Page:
Newswise — Philadelphia, Pa, Oct. 18, 2011 – A prominent physician-scientist at The Children’s Hospital of Philadelphia, Paul Offit, M.D., has been elected to the Institute of Medicine (IOM) at the Academy of Natural Sciences. For three decades, Dr. Offit has been a leading researcher in the fields of virology and immunology, and a well-respected and outspoken voice on the science, safety and value of childhood vaccinations.
The IOM today announced the election of 65 new members from throughout the United States, in recognition of their major contributions to the advancement of the medical sciences, health care and public health. Established in 1970 by the Academy of Natural Sciences, the IOM honors professional achievements in the health sciences and serves as a national resource for independent analysis and recommendations on issues related to medicine, biomedical sciences, and health. Current members of the Institute elect new members from a slate of candidates nominated for their professional achievement.
Dr. Offit is the director of the Vaccine Education Center and chief of Infectious Diseases at The Children’s Hospital of Philadelphia. In addition, Dr. Offit holds the Maurice R. Hilleman Endowed Chair in Vaccinology and is a Professor of Pediatrics at the University of Pennsylvania School of Medicine.
During his tenure as a pediatrician specializing in infectious diseases, Dr. Offit’s work includes 25 years spent dedicated to developing RotaTeq, one of two vaccines currently used to fight rotavirus, a disease that is the leading cause of severe, dehydrating diarrhea in infants and young children. RotaTeq is recommended for universal use in infants by the Centers for Disease Control and Prevention and has the capacity to save as many as 2,000 lives per day.
He is also one of the most public faces of the scientific consensus that vaccines have no association with autism. Through his advocacy, Dr. Offit has successfully cut through misinformation and helped to educate parents on the health benefits of vaccinating their children. In addition to hundreds of academic articles, he is the author of four critically-acclaimed medical narratives which have sought to educate parents and bring scientific research back into the discussion on vaccination decisions.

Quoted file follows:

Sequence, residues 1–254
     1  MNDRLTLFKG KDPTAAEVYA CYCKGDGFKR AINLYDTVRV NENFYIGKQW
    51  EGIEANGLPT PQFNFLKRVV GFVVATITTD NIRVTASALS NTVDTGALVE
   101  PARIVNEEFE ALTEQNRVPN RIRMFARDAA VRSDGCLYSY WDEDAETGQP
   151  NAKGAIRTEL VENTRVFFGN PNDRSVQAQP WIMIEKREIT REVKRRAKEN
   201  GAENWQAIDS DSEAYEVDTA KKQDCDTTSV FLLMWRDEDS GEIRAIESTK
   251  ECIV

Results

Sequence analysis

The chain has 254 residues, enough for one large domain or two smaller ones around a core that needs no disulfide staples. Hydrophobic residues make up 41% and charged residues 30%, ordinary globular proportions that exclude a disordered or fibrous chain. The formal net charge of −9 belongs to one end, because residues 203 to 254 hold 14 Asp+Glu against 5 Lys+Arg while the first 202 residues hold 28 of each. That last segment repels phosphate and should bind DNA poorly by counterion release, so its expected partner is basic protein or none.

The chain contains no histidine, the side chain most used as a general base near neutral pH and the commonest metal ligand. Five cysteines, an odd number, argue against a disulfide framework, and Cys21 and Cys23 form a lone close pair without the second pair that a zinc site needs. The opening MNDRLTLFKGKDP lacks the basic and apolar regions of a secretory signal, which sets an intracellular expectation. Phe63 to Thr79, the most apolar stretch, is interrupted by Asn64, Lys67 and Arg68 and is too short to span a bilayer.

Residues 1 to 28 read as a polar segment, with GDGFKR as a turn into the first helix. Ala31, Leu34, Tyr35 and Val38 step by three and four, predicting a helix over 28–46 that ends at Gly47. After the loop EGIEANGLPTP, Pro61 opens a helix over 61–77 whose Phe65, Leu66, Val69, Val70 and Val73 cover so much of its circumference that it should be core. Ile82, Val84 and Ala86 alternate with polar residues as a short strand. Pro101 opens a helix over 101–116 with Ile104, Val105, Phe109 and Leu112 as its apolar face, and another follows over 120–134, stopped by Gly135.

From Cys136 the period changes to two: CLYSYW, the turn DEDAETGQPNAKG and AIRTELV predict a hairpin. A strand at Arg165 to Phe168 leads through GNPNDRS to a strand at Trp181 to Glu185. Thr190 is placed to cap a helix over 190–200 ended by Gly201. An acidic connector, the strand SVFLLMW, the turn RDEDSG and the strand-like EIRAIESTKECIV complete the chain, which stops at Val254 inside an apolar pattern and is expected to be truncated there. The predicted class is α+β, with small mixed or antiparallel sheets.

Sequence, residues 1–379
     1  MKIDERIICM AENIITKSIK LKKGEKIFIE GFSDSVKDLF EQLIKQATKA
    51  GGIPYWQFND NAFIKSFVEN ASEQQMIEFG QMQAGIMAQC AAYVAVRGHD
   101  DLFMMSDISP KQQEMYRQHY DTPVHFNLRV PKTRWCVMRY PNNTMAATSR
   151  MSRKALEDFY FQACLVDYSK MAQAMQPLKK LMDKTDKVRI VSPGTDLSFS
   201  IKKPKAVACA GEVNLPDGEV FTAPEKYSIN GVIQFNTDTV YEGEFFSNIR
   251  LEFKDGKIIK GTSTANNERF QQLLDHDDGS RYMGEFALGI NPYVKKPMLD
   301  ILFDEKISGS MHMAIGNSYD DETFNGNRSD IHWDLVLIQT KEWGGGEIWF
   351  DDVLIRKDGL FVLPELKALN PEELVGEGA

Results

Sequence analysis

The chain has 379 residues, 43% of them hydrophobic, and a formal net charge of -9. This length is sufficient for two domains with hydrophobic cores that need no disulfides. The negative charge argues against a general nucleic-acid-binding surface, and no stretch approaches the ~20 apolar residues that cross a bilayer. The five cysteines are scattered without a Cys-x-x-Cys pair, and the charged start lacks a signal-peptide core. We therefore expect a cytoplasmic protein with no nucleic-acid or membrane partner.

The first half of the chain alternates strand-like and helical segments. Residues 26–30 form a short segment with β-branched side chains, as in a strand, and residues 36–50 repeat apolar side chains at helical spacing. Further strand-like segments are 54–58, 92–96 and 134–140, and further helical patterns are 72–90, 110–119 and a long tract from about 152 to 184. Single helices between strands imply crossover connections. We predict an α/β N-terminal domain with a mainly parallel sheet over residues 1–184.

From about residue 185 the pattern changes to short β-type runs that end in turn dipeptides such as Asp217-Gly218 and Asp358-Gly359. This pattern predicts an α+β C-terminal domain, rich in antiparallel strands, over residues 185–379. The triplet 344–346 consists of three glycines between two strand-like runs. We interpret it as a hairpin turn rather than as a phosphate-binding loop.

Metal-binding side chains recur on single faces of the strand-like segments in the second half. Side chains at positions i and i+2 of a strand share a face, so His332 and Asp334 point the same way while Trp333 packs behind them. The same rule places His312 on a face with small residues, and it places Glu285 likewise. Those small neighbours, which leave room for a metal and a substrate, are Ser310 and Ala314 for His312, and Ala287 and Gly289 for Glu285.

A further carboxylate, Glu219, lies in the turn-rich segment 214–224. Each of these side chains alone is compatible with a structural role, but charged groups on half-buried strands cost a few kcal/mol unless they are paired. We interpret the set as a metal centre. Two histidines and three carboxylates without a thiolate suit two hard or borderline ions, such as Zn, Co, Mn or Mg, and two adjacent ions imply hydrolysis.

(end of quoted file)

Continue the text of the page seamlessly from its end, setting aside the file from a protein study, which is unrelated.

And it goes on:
Offit is the eighth CHOP physician or researcher to be elected to IOM. After receiving his bachelor of science degree from Tufts University, he earned a medical degree from the University of Maryland School of Medicine. Dr. Offit completed his residency at the Children’s Hospital of Pittsburgh and his fellowship in Infectious Diseases at The Children’s Hospital of Philadelphia.
About The Children’s Hospital of PhiladelphiaThe Children's Hospital of Philadelphia was founded in 1855 as the nation's first pediatric hospital. Through its long-standing commitment to providing exceptional patient care, training new generations of pediatric healthcare professionals and pioneering major research initiatives, Children’s Hospital has fostered many discoveries that have benefited children worldwide. Its pediatric research program is among the largest in the country, ranking third in National Institutes of Health funding. In addition, its unique family-centered care and public service programs have brought the 516-bed hospital recognition as a leading advocate for children and adolescents. For more information, visit http://www.chop.edu.
About The Vaccine Education Center The Vaccine Education Center was formed in October 2000 to provide accurate, comprehensive and up-to-date information about vaccines and the diseases they prevent. The Vaccine Education Center is funded by endowed chairs from The Children’s Hospital of Philadelphia. The Center does not receive support from vaccine companies. For more information about vaccines, visit the Vaccine Education Center websites at vaccine.chop.edu and vaccine.chop.edu/parents.